In [7]:
wc = 1.0 * 2 * pi # cavity frequency
wa = 1.0 * 2 * pi # atom frequency
N = 25 # number of cavity fock states
kappa = 0.05 # cavity decay rate
n_th = 0.5
a = tensor(destroy(N), qeye(2))
sm = tensor(qeye(N), destroy(2))
nc = a.dag() * a
na = sm.dag() * sm

c_ops = [sqrt(kappa * (1 + n_th)) * a, sqrt(kappa * n_th) * a.dag()]

H0 = wc * nc + wa * na
H1 = (a.dag() + a) * (sm + sm.dag())

args = {
    'H0': H0,
    'H1': H1,
    'c_ops': c_ops

# Create a list of 400 coupling strengths If you have a slow computer
# you want to decrease that number to ~50 first.
g_vec = linspace(0, 2.5, 400) * 2 * pi

def compute_task(g_vec, args):
    H0, H1, c_ops = args['H0'], args['H1'], args['c_ops']
    n_vec = zeros(g_vec.shape)
    for k, g in enumerate(g_vec):
 H = H0 + g * H1
 rho_ss = steadystate(H, c_ops)
 n_vec[k] = expect(nc, rho_ss)
    return n_vec
Here, the important function is compute_task, which takes the list (numpy array) over which we iterate and some static arguments hidden in the args dictionary. Let's also define a useful function for plotting the results.
In [8]:
def visualize_results(g_vec, n_vec):
    fig, ax = subplots()
    ax.plot(g_vec, n_vec, lw=2)
    ax.set_xlabel('Coupling strength (g)')
    ax.set_ylabel('Photon Number')
    ax.set_title('# of photons in the steady state')
Ok, no we are ready to do the calculation, both locally, and on the cloud. Let's start with the local calculation. Note that above I made the list of coupling strength 400 entries long, in order to get the next calculation to take roughly a minute on my local machine. Depending on how fast or slow your machine is your results may vary significantly, so if you repeat the example yourself you might want to go back and set the list to 50 entries only at first.
In [9]:
t0 = time.time()
n_vec = compute_task(g_vec, args)
t1 = time.time()

print "elapsed =", (t1-t0)
elapsed = 70.7504220009
In [10]:
visualize_results(g_vec / (2 * pi), n_vec)
So far so good. Now let's move the calculation on to the cloud. We have to break down the calculation into a number of jobs that can be run in parallel and submit them to PiCloud. There scheduler will estimate the workload and distribute the jobs among different machines. In the common case of iterating over a list of parameters and then solving the same problem over and over breaking the task into independent chunks is quite easy.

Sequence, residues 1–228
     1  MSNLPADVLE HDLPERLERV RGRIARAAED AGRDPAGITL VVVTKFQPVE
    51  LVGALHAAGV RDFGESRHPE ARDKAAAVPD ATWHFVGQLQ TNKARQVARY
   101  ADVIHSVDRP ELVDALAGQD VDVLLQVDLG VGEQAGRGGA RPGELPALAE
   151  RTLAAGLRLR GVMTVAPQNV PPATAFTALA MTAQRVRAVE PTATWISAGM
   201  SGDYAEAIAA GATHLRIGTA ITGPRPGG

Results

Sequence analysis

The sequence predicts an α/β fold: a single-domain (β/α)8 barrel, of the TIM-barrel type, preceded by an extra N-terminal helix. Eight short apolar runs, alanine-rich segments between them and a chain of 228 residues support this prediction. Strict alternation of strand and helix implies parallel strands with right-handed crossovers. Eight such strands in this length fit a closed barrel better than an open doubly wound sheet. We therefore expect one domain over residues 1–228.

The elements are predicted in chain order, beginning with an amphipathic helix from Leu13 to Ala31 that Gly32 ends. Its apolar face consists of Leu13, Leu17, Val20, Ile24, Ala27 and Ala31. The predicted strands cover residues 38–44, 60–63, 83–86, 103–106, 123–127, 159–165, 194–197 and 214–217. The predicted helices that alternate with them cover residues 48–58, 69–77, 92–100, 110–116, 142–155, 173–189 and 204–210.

We will use numpy's array_split function to create a number of chunks from our coupling strength array, create a function that takes only one argument, that is the list of input parameters, from our compute task and submit it to the cloud via In a last step we use numpy's concatenate to create a single output array again.
In [11]:
t0 = time.time()
no_chunks = 10
g_chunks = array_split(g_vec, no_chunks)
single_variable_task = lambda g: compute_task(g, args=args)
jids =, g_chunks,
n_chunks = cloud.result(jids)
n_vec = concatenate(n_chunks)
t1 = time.time()

print "elapsed =", (t1-t0)
elapsed = 39.917057991
In [12]:
visualize_results(g_vec / (2 * pi), n_vec)
Yes, we have successfully sped up our calculation using PiCloud. Note that this example is a bit artificial, since calculations taking just a minute are nothing you usually would have the need to delegate to a fast computer. As your job gets longer and longer and as you submit more of them, PiCloud will keep increasing the number of cores available to you and you will see more significant speed ups. Plus there are many more ways to tweak PiCloud to your liking.
Happy simulating!

Footnote: Creating a QuTiP Environment

There are two easy ways to get your own environment with qutip installed. The first way is to clone the public environment I created. It is named /mbaden/precise_with_qutip and you should be able to find it if you do a search for qutip. The second way is to create the environment yourself. To do so go to the environments page of your PiCloud account, select Ubuntu Precise as base environment and log in via the web console. To install QuTiP type
sudo apt-get install python-software-properties
sudo add-apt-repository ppa:jrjohansson/qutip-releases
sudo apt-get update
sudo apt-get install python-qutip
Here, the first step is an additional step as compared to the installation instructions in the QuTiP documentation, which installs add-apt-repository, which is not installed in the base environment. By the way, these steps are exactly what I did to create /mbaden/precise_with_ubuntu.
Now you can customize your new qutip environment to your liking.